Energy Roadmap 2050
Tuesday 10 April 2012
Down the memory hole
Last week we at EER found out the hard way that Europe is far from being “integrated”. While life went on as usual in the Netherlands, where this publication is made, in many other European countries, including Brussels, people were off from work thanks to the Easter holidays. This resulted in a marked drop in the number of visitors to our website.
For us this was rather unfortunate since we published four major articles last week, which we are convinced are worth your time, but which got a lot less attention than our publications usually get. So we would like to take the liberty to alert those who were out of the office last week to those four articles again, before they disappear down the memory hole.
– Our London correspondent Alex Forbes wrote an important story on UK nuclear policy. The decision by Eon and RWE to pull out of new-build nuclear projects in the UK led many to believe that UK nuclear policy – which is absolutely crucial for the future of nuclear energy in Europe – is in tatters, but according to Alex that conclusion is highly premature.
– Our regular analyst Matthew Hulbert argued in a new, original analysis that US policy to use Saudi Arabia and the emergency oil stocks of the International Energy Agency to fill in any shortfalls left by the boycott of Iran, is endangering the credibility of both Riyadh and the IEA.
– James Stafford, editor of Oilprice.com, held a fascinating interview with astrophysicist Tom Murphy of the University of California in which Murphy shines his light on a wide range of energy technologies, from nuclear to solar power and from shale gas to artificial photosynthesis. Inspirational stuff, even if you may not agree with everything.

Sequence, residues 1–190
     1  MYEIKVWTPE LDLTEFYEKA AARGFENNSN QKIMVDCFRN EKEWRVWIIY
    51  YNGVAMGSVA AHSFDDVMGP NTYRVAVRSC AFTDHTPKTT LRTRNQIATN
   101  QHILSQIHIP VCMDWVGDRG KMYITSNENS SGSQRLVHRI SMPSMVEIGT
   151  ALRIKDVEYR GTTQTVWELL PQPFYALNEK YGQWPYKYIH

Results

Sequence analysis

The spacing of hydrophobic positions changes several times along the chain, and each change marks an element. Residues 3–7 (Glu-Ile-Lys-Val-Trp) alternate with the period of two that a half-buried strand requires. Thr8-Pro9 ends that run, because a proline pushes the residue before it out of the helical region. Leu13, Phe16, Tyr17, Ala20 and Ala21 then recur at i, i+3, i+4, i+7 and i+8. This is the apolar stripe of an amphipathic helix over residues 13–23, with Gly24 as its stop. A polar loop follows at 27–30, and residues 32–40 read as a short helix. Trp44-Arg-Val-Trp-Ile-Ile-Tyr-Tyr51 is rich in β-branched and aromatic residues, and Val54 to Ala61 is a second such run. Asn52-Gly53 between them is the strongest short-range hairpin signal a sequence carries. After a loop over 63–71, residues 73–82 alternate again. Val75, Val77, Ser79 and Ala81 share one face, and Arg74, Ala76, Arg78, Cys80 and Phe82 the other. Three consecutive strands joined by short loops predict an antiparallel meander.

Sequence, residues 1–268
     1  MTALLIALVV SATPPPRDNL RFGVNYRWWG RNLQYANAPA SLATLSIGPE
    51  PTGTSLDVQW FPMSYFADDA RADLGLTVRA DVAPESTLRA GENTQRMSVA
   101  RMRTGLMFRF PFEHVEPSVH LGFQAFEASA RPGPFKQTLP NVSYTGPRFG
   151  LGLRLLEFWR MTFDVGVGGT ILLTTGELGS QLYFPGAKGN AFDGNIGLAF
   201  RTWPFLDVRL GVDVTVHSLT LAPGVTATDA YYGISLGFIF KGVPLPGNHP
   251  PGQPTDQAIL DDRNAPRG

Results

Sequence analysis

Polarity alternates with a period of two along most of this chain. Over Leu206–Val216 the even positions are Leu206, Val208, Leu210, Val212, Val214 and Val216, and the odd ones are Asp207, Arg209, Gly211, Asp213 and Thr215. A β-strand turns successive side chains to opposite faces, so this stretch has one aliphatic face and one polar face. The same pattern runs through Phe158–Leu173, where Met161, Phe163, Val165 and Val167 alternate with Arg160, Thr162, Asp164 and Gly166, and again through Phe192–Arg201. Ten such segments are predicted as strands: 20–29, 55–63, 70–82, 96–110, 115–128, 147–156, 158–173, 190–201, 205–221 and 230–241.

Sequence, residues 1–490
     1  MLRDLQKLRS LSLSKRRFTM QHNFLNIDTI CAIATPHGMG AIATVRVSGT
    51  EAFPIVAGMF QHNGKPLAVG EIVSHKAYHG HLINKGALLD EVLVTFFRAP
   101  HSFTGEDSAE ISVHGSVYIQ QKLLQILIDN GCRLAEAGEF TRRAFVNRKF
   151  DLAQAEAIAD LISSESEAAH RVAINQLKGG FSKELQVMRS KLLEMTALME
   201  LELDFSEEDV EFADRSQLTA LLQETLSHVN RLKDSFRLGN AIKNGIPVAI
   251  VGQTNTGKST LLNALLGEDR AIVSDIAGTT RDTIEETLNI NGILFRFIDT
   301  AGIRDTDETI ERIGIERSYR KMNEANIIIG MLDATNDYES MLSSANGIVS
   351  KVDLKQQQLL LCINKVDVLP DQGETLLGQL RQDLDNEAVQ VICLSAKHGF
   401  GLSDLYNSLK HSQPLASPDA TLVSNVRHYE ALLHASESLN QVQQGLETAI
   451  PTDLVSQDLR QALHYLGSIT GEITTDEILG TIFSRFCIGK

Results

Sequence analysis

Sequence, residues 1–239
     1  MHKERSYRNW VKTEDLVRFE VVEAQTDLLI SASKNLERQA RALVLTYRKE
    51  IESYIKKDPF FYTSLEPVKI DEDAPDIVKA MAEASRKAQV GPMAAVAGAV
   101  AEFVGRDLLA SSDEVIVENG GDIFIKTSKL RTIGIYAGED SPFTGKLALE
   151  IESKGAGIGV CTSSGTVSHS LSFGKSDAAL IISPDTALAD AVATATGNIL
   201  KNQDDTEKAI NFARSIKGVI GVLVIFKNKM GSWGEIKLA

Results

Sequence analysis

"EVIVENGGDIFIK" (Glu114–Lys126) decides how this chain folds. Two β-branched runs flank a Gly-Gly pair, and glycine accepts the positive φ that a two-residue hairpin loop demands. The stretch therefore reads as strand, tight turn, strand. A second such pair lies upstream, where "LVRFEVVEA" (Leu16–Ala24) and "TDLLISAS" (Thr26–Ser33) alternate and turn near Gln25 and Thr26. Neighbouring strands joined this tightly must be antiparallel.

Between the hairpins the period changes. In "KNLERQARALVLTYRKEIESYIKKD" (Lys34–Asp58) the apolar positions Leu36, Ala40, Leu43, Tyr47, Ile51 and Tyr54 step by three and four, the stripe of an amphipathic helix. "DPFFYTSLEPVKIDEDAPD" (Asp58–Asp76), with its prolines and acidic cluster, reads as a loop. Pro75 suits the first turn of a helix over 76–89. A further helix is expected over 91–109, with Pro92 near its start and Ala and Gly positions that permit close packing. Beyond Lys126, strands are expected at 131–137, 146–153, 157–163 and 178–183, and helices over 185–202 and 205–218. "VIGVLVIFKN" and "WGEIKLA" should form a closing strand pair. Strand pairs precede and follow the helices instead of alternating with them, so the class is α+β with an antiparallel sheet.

– Our editor Karel Beckman produced an in-depth story on how the European gas market is on the point of being radically transformed as a result of EU policies: must-reading if you are interested in where the European gas market is headed for.
Of course we also have many readers who have not had any holidays and who have no catching up to do. For them, we do have a new article on offer today – and, if we may say so, it’s a good one too. In it, Severin Fischer and Oliver Geden of the German Institute for International and Security Affairs (SWP) ask what we may expect to happen with the Energy Roadmap 2050, the energy future “vision document” which, as you know, was published by the European Commission in December.
Fischer and Geden explain what the current status is of the Roadmap within the complex European decision-making process, and they outline three possible fates that could befall this great piece of energy policymaking. One not unlikely fate is that it could disappear down the memory hole … You can read their lucid analysis by clicking here.
27-28 June 2012 | London, UK
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Coming up on European Energy Review
Why we do not need to worry about “peak oil”
The battle for the EU emission trading scheme
Interview with Fritz Vahrenholt, (resigning) CEO of RWE Innogy, on why he feels duped about global warming
Vestas and the future of the European wind turbine industry
Interview with Jean-François Cirelli, President of Eurogas and CEO of GDF Suez
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